The IMB has a targeted enforcement programme and acts to detect the illegal supply of prescription medicines, supported by Revenue's Customs service through its active vigilance at ports and postal hubs. We also endeavour to highlight to consumers via the media on a regular basis the risks and dangers in seeking to purchase medicines from unauthorised sources. Many countries have similar targeted enforcement and information campaigns and a good illustration of the collective international action in this area is Operation Pangea, now in its sixth year. It is co-ordinated by Interpol and targets illegal Internet pharmacies on a global basis. It was initiated in 2008, when Ireland was one of eight countries involved. This year more than 100 countries took part in an international week of action directed at online sales of counterfeit and illegal medicines. The Irish part of this operation is conducted on a joint interagency approach involving the IMB, the Garda Síochána and Revenue's Customs service. In one week in Ireland this year we seized more than 183,000 tablets, capsules and vials, with an estimated value of just over €500,000. A similar pattern has been seen globally during Operation Pangea. In 2012, 3.7 million items of illegal and counterfeit medicines were seized and in 2013 this figure increased to 9.8 million items, with a total value of US$36 million. In both years these actions resulted in arrests throughout the globe and the detention of thousands of potentially harmful medicines. The types of medicines seized globally mirror those seized during our ongoing activities in Ireland in co-operation with Revenue. For the first six months of this year a total of 670,000 Internet supplied tablets, capsules and vials, with an estimated value of more than €2 million, were seized in Ireland. These products threaten public health.
The figures for 2012 are typical of current trends in illegal supplies. Among the medicines seized were sedatives, weight loss drugs, anabolic steroids and erectile dysfunction products. The document we have provided for committee members contains a five year summary. We thought we were making an improvement on the overall figures in 2012, but based on the figures we have to date, the figures for 2013 will run ahead of this.
Most of the provisions of the falsified medicines directive which updates the rules for manufacturing, importing, placing on the market and the wholesale distribution of medicines came into effect on 2 January 2013, since we last met the committee. The directive introduces new safety features on outer packaging, increased regulation of active substances and regulation of Internet sales of medicines. These controls, when fully implemented, will be of assistance in further protecting the legal supply chain for medicines, but in our view the IMB will need to continue its education and enforcement activities relating to illegal supplies to the benefit of public health.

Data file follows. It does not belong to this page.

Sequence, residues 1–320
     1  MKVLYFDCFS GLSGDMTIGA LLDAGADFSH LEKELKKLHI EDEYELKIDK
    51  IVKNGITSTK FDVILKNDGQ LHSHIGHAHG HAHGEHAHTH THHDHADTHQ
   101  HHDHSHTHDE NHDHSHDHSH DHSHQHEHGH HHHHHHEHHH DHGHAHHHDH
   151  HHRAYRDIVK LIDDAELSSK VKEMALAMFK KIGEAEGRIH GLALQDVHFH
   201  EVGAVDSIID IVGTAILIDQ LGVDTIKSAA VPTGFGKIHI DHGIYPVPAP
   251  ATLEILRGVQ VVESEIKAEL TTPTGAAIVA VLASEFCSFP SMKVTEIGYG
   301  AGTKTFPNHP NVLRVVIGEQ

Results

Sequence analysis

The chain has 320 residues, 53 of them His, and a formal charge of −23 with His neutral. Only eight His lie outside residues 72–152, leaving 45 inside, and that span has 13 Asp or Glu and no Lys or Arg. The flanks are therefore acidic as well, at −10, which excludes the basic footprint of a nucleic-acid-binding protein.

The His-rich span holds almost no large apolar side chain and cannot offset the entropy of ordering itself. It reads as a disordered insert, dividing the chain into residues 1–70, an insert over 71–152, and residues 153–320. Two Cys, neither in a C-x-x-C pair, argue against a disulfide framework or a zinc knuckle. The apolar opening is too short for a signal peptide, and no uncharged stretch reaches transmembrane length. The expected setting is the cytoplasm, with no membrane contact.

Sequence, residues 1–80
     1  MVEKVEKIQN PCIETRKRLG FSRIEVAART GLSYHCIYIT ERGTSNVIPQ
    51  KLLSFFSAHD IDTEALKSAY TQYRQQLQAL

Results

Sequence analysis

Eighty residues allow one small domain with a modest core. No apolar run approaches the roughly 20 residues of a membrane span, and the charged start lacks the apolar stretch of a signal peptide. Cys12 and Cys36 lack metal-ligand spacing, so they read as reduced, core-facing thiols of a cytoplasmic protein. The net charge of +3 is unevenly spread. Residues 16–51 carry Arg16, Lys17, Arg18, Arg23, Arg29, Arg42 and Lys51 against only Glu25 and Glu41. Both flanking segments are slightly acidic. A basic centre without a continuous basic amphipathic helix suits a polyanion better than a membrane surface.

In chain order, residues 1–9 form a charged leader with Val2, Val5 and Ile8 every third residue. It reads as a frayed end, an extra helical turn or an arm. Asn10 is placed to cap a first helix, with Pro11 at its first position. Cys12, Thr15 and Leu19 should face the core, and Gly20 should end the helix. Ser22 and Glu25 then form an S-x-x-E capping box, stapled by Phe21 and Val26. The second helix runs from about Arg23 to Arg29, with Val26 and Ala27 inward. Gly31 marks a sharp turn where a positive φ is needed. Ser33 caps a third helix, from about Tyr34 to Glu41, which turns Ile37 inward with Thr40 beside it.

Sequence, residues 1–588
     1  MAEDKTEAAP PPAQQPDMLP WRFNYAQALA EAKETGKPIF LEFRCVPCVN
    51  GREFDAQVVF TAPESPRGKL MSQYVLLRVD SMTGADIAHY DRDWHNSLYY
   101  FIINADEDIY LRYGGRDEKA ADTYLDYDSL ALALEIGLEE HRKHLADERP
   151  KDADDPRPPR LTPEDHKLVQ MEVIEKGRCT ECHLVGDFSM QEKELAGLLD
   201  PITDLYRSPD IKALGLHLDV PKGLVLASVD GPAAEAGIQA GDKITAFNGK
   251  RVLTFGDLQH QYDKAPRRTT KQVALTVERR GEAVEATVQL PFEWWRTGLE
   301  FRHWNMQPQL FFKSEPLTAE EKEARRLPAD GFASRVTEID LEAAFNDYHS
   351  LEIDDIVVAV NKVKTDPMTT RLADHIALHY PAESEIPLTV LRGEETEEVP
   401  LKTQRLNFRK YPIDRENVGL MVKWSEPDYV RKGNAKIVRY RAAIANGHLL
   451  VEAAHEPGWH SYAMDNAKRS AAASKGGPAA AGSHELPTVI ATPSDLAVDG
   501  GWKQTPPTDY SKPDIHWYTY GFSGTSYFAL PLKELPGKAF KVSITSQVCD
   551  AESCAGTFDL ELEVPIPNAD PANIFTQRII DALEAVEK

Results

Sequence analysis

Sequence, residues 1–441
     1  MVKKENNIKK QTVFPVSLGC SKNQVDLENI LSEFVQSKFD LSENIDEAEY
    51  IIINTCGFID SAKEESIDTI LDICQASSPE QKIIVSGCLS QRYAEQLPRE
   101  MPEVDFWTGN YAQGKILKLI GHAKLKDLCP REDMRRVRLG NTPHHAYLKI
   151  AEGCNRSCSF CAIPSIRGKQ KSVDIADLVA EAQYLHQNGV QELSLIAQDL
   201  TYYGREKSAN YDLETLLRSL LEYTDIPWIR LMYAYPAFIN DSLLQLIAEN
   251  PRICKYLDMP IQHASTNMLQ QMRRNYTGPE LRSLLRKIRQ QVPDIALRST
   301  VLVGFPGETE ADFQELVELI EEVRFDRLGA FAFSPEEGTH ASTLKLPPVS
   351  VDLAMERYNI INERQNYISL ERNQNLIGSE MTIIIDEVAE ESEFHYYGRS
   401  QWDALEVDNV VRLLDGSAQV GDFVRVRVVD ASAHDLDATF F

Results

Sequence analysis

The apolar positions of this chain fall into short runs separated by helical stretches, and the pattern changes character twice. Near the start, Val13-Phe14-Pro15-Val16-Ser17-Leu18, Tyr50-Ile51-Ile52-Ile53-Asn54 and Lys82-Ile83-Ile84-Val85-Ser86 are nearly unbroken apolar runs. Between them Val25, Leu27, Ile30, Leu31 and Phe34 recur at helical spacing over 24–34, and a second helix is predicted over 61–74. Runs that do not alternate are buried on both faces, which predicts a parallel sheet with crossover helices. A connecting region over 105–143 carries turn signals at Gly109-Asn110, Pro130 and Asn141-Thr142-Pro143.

There is no one reason people seek to purchase medicines from unauthorised sources. For some, it relates to the anonymity of the transaction, while for others, it is the thought they are saving money. Whatever the reason, in order to seek to protect consumers’ health, we will continue to focus on enforcement efforts in this area.
In earlier appearances before the committee we had the opportunity to outline the current legal controls for medical devices here and across Europe. We highlighted the fact that pre-market approval for medical devices rested with a network of notified bodies which were usually operated as commercial private entities. While the competent authorities such as the IMB designate the scope of these individual notified bodies, the system is recognised to have substantial shortcomings. Post-market monitoring of medical devices, once they are on the market, is conducted by competent authorities such as the IMB. It is also recognised that the operation of this system across Europe requires improvement.
This focus on the current regulatory system for medical devices and its shortcomings has been as a result of high profile issues such as those relating to breast and hip implants. These have highlighted the need to further develop and strengthen the regulatory system. A complete revision of the European legislation is now under way, with the publication of two proposals for new regulations which will replace the existing directives and regulations. Work has commenced on these regulations at the European Council and the European Parliament and substantial progress was made during our Presidency. However, as we know that this revision of the legislation is not expected to be in place at European level for at least another four to five years, it is necessary to implement more immediate and urgent measures. These are set out in the European Commission’s 2012 joint action plan for immediate actions on medical devices, sometimes referred to as the Dalli action plan, which was devised to strengthen the regulatory system in the interim period.